News

By RRP on
January 17, 2019

 

The Research Resource Program organized the first BIOS Advisory Committee Retreat on January 17, 2019 where leaders and users of biospecimens from around UCSF met to discuss the biospecimen lifecycle at UCSF. The committee focused on understanding of the current state of biospecimen lifecycle infrastructure at UCSF and the gaps that exist. We worked to define a vision of what the future should look like and prioritized which parts of that future should be within the scope of BIOS. Our highest priorities for BIOS are:

  1. Define the best ecosystem to: reliably meet the biospecimen needs of investigators; ensure quality assurance and patient safety standards; and maximize use of specimens and access for investigators.
  2. Build a UCSF-wide data repository of biospecimen information that utilizes a standard data structure, assures compliance and facilitates access to biospecimens.
  3. Modernize the consent process to improve efficiency and maximize compliant sample use in state-of-the-art applications.

We also discussed governance and sustainability measures we can put in place to ensure the optimal deployment, advocacy and use of BIOS infrastructure. This included a need for education and advocacy on the value of BIOS, providing incentives to encourage use of BIOS and establishing customer service that meets researcher’s needs.

Please find the slide presentation and a report from the work we did linked here:

 BIOS ADVISORY COMMITTEE RETREAT REPORT AND SLIDE DECK

Next Steps:

  • Creating a communications and education strategy
  • Creating an action plan for leadership engagement and communication to the Health System
  • Creating a plan for continued engagement of BIOS Advisory Committee and creation of a Biospecimen User’s Group. If you are interested joining a Biospecimen Users Group please contact Candice Pyun at [email protected]  

Thanks also to the Program Management Office for leading us through a fun and engaging process!

 

By RRP on
January 07, 2019

On behalf of the Research Resource Program’s Strategic Advisory Committee and the EVCP’s office, we are pleased to announce that Four Campus Cores have been awarded Institutional Matching Instrumentation Awards (IMIA)

Supported by the Research Resource Program Chancellor’s Fund for Core Development, these awards are designed to fund cutting-edge technologies that are accessible to all UCSF researchers through certified UCSF Campus Cores. Awards of up to $200,000 are available through the Resource Allocation Program as matching funds for any source of extramural or internal funding.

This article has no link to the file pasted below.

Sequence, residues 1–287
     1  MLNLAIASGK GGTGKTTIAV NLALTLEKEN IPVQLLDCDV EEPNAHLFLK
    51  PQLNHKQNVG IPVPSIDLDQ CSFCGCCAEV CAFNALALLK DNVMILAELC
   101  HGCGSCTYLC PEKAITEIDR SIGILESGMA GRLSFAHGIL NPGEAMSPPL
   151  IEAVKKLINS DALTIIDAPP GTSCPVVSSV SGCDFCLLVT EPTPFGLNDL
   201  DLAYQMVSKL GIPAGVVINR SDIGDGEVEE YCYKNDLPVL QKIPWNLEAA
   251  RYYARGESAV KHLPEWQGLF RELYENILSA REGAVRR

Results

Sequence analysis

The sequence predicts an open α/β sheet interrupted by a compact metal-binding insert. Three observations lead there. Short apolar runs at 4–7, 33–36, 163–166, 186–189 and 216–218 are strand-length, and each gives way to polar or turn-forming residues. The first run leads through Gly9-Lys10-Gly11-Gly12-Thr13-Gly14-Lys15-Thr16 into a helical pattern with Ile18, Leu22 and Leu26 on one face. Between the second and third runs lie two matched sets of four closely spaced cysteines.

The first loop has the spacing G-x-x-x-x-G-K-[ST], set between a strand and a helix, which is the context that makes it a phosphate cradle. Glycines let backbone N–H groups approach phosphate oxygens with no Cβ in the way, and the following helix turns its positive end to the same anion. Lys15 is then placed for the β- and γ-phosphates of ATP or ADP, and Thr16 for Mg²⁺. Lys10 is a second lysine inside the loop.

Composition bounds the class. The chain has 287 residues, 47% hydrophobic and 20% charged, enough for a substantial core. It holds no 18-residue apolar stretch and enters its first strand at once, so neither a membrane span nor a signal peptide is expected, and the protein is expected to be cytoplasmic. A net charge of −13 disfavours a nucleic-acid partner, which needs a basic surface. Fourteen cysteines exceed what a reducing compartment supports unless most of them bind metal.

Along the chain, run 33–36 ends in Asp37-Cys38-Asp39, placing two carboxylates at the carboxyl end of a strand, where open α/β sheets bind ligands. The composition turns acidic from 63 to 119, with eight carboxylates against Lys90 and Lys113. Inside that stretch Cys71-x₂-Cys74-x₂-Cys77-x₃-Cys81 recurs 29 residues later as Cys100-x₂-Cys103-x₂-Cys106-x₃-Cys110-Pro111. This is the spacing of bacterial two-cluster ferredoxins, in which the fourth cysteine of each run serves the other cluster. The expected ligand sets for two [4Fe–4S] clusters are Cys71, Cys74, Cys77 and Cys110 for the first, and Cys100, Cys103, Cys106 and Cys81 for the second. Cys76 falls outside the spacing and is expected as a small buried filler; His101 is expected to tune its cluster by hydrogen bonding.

2018 to 2019 Institutional Matching Instrumentation Awards

By RRP on
November 30, 2018

 https://rrp.ucsf.edu/events/2018-holiday-core-fair 

By RRP on
August 06, 2018

The RRP Advisory Committee had the difficult task of selecting only five proposals out of the sixteen high quality applications.  This new mechanism provides funding for cores to address operational problems that are limiting the work of the core. Successful applications included funding to merge or consolidate core services and funding for automation of services to increase throughput, in order to improve services for researchers.

Thank you to everyone who applied, and to the review committee!

Congratulations to the successful applicants:

  • Jennifer Page - Merger of UCSF ES Cell Targeting Core and CCF Tissue Culture Core to create UCSF Cell and Genome Engineering Core
  • Jeffrey Milush - Expansion and Optimization of the Core Immunology Laboratory
  • Andrea Barczak - Assay miniaturization with the Mosquito HV nanoliter liquid handler will improve next generation library preparation services by reducing costs and increasing throughput.
  • Scott Vandenberg Operational Improvement of Tissue Micro-Array Production in the BIOS-HDFCCC Biorepository and Tissue Biomarker Technology (BTBMT) Core 
  • Michael McManus Center for Functional Genomics at UCSF

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